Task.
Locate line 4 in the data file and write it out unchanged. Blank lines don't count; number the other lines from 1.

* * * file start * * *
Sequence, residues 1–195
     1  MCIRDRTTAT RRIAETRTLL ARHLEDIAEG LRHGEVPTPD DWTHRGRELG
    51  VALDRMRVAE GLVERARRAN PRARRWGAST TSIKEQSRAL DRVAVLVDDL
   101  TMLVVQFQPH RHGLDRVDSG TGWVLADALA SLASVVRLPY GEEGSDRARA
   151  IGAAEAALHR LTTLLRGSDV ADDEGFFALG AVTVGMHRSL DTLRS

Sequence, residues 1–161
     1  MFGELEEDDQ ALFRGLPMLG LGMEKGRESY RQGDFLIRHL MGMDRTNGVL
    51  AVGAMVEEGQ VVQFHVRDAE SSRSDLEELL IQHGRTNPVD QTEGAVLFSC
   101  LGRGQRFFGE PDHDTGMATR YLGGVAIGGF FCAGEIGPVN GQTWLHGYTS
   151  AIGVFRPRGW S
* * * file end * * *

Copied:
   101  TMLVVQFQPH RHGLDRVDSG TGWVLADALA SLASVVRLPY GEEGSDRARA